The province’s doctors have ratified two four-year contracts with government.
The contracts offer zero per cent, zero per cent, one per cent and 1.5 per cent increases and investments in a few areas most in need, such as hiring new specialists and supporting patient care by telephone.
“While physicians accepted the contract and welcomed modest critical investments, they were disappointed that this contract brought little innovation or opportunities to advance patient care,” said Dr. Michelle Dow, President of Doctors Nova Scotia. “With the contract negotiations behind us, we now need to turn our attention to issues that have gone unaddressed for far too long,” she added.
Estimates indicate between 50,000 to 100,000 Nova Scotians do not have access to a family doctor. Some communities have been without a doctor, both family physicians and specialists, for months if not longer. Physicians are worried about retiring, afraid they will abandon their patients without a replacement.
“Over the past three weeks we have met with more than 700 physicians,” said Dr. Dow. “The level of stress and concern they are expressing for their patients is significant.”
“Unfortunately this agreement does little to reassure physicians that the future looks brighter for their patients. I hope government will now listen to what physicians are saying and make changes so Nova Scotians can access the care they need and deserve,” she said.
“I’m hearing from physicians who want to stay in Nova Scotia but who have significant concerns with the changes to the health-care system they’ve witnessed over the past year and changes that may take effect in the years to come,” said Dr. Dow.
“I have colleagues that are ready to retire, some years earlier, but continue to practice in fear that their patients will be abandoned as government doesn’t seem to be placing any level of urgency on recruiting new doctors. At the same time, new graduates are saying they want to practice here, but they don’t know if they are wanted, so they are choosing other provinces instead,” she added.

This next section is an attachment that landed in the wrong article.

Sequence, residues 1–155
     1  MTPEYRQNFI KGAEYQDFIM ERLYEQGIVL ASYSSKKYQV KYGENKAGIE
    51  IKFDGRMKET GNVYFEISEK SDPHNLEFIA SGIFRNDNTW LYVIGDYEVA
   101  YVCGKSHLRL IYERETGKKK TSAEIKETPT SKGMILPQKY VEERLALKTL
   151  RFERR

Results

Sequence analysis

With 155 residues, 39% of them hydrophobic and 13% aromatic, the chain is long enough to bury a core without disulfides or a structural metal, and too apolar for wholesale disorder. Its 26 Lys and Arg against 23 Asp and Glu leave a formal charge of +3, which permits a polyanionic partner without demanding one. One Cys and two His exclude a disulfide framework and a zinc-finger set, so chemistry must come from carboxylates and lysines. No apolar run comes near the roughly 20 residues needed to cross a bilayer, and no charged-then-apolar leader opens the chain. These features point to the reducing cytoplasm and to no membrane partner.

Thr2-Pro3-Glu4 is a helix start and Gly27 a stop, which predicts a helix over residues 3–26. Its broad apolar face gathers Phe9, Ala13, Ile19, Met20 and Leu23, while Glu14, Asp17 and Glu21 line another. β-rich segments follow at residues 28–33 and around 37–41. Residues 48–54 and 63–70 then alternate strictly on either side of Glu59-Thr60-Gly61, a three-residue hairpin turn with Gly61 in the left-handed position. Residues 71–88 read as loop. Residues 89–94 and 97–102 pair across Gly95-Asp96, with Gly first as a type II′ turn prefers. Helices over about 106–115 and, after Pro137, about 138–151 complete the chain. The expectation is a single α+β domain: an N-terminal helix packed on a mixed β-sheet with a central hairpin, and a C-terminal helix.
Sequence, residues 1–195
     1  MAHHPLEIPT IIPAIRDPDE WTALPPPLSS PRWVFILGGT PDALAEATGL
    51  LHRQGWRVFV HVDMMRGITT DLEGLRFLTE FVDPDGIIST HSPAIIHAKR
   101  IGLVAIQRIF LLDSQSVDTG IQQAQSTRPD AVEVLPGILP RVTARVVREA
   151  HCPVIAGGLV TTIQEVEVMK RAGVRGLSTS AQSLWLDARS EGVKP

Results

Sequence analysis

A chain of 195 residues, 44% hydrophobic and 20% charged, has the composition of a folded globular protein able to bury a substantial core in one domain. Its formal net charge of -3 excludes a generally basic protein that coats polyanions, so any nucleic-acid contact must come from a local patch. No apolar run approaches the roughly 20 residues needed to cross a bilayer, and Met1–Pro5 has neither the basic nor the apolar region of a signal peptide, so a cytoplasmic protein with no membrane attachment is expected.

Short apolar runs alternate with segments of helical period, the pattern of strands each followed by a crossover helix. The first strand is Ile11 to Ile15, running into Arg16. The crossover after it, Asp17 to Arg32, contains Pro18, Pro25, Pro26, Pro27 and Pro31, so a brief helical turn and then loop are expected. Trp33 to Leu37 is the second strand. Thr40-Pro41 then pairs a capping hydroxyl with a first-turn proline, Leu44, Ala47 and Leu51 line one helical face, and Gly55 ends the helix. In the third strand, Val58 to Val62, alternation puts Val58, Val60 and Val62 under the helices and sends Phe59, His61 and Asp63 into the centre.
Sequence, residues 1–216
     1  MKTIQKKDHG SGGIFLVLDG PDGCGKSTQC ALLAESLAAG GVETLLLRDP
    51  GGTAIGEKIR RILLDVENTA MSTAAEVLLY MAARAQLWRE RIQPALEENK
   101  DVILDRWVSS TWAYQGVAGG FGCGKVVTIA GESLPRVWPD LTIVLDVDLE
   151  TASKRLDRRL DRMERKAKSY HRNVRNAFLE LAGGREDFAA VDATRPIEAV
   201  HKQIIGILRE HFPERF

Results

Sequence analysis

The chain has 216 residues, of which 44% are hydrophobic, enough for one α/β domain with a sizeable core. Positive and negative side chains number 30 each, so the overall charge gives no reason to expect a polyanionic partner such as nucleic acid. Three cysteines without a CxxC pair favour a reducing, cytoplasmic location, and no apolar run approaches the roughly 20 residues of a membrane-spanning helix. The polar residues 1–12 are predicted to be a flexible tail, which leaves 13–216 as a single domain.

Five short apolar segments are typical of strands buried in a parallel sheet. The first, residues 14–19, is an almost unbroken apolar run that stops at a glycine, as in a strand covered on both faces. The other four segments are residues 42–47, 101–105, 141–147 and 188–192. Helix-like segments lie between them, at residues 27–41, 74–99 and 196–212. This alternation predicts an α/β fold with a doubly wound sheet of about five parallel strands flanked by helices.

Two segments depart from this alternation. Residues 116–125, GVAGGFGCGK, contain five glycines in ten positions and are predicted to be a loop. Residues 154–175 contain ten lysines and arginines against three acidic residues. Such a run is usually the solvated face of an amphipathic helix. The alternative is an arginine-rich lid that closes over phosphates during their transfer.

Doctors Nova Scotia welcomes the opportunity to work with government to create a more stable and positive work environment for physicians so patients receive the care they need.
Doctors Nova Scotia and Nova Scotia Health Authority (NSHA) will start meeting with physicians this summer. The aim is to have NSHA share its health transformation vision and its view of how physicians will be involved in that work while ensuring physicians have an opportunity to share their solutions for patient care in their communities. Through negotiations, the association has also secured physician participation in the process that approves where new physicians will be recruited.
The new four-year contracts will replace the 2008 Master Agreement and all previous academic funding plan (AFP) agreements beginning April 1, 2015 and ending March 31, 2019. The agreements impact more than 2,800 physicians.
The Master Agreement expired on March 31, 2015, some of the AFP agreements have been expired for many years.
Doctors Nova Scotia represents over 3,500 members. Membership includes practicing and retired physicians, medical students and residents. Incorporated in 1861, it’s the oldest medical association in Canada.
Barb Johnson, Doctors Nova Scotia
Tel: 902-481-4915 or by email doctorsns.com